So to find a more cost effective solution for train travel, Reynolds talks to the big airlines companies such as American, Transworld, and the Air Force to learn how to effectively serve “precooked frozen food- from soup to dessert- scientifically prepared, stored, and then correctly ‘re-stored’ for serving.”

And thus began Rock lsland transitioned from offering an extensive extravagant menu (“one of the delights of rail travel – a juicy steak with all the trimmings eaten while skimming the high iron at 80 miles an hour”) to cheap fast food (“pre-cooked-frozen-and restored”).  The transition required new kitchen equipment such as propane-gas warming ovens and deep freeze boxes, and trainings for staff.  Linens, silver, and china were traded in for paper mats and napkins.

The changes in menu and food successfully helped to trim Rock Island’s budget deficit.  At the time only Rock Island and the C&O were experimenting with frozen food, and so Rock Island shared its new approach to food with other train lines… “Needless to say, the entire railroad industry is watching the Rock Island experiment with eagle eyes.  Reynolds held open house at the comissary for dining-car superintendents during their annual conclave in Chicago and answered questions freely.  The only secret of the new operation, in fact, is the recipe for Rocket Pudding, a rich dessert concocted by culinary experts especially for the frozen-food service.”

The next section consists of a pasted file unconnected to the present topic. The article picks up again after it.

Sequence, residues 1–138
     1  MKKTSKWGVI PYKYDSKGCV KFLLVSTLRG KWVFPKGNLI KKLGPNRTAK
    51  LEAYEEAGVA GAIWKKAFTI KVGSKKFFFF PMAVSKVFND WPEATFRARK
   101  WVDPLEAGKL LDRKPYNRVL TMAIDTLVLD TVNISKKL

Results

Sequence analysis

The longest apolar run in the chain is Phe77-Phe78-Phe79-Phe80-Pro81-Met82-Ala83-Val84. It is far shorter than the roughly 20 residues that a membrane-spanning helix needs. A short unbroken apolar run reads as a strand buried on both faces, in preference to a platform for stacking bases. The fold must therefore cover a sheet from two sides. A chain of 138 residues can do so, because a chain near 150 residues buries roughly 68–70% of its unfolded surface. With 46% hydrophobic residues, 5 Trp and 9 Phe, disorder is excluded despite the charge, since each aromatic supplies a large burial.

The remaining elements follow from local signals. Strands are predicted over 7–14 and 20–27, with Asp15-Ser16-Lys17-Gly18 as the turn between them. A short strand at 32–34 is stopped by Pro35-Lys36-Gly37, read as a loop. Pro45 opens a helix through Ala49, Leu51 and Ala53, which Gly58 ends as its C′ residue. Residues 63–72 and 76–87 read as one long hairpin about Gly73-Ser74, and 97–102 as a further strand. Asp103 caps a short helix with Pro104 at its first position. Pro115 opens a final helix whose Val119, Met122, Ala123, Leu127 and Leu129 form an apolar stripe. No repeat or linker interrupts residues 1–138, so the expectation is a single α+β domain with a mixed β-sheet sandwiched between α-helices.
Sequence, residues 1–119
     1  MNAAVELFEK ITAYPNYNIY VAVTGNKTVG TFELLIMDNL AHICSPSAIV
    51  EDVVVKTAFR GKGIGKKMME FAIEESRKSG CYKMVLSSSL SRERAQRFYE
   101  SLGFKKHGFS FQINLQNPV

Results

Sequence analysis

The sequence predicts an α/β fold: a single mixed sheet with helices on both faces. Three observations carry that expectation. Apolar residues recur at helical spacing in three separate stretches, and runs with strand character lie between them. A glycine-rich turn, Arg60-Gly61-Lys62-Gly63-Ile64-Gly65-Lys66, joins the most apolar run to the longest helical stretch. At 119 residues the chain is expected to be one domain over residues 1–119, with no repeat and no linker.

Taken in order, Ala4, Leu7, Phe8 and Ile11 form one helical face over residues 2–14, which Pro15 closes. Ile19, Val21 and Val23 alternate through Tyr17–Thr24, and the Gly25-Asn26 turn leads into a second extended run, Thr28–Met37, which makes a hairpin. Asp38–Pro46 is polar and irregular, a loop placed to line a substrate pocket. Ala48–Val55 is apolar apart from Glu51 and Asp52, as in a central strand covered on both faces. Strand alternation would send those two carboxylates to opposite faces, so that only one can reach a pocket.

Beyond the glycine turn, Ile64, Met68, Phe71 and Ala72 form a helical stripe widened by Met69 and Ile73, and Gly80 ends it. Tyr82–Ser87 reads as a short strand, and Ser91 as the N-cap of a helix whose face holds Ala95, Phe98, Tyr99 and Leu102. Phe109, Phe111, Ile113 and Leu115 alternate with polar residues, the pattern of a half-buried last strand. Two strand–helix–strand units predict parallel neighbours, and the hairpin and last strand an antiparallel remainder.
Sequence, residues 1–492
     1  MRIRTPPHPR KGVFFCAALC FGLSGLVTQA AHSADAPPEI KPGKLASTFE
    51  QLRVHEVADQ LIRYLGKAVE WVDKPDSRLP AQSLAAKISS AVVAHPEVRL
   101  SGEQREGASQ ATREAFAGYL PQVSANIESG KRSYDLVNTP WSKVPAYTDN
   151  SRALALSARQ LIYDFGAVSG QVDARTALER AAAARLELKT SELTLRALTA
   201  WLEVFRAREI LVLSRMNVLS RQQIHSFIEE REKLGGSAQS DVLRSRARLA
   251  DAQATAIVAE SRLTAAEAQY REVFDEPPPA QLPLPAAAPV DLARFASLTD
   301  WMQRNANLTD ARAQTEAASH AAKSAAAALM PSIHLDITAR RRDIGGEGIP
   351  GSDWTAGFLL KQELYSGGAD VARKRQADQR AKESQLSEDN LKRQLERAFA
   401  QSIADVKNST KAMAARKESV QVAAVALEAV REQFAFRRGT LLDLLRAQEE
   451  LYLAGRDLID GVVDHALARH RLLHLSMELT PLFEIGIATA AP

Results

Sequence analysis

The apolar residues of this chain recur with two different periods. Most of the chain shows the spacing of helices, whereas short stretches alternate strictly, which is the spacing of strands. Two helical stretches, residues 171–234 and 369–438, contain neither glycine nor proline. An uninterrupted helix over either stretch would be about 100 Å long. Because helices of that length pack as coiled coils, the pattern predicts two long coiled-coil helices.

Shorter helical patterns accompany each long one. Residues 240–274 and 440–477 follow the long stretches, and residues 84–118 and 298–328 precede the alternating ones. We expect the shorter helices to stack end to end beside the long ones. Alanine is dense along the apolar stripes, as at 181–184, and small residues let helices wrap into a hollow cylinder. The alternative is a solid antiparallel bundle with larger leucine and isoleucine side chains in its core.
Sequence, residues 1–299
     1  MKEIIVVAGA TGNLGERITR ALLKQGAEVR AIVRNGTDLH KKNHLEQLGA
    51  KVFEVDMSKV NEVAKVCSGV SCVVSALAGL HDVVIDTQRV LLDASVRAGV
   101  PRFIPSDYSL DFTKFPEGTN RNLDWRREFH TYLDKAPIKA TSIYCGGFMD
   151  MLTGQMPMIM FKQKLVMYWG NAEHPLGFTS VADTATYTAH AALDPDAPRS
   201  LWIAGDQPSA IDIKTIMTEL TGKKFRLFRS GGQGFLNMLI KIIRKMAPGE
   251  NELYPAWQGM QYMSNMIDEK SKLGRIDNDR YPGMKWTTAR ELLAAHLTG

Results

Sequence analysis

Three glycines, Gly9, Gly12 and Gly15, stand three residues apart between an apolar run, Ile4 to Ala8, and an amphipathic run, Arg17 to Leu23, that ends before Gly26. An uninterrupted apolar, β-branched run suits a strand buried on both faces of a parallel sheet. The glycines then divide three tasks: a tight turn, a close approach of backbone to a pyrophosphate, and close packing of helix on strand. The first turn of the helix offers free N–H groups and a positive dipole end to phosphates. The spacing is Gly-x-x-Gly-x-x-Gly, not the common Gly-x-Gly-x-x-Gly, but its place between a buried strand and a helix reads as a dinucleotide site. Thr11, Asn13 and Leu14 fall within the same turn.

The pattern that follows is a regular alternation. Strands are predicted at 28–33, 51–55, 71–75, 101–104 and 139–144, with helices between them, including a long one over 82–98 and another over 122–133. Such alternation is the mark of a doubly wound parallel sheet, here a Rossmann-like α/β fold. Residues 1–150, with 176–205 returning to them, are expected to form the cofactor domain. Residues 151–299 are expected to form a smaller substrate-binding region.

On the Train Track…

Hello FOTM-ers,

Here’s some general history on trains, food, and the rise of the dining car…

In the early 19th century railroad companies were unconcerned with feeding their customers on board, focusing instead on the getting customers to their destination.  Trains would stop at different junctions and transfer stations where local diners and vendors would serve customers.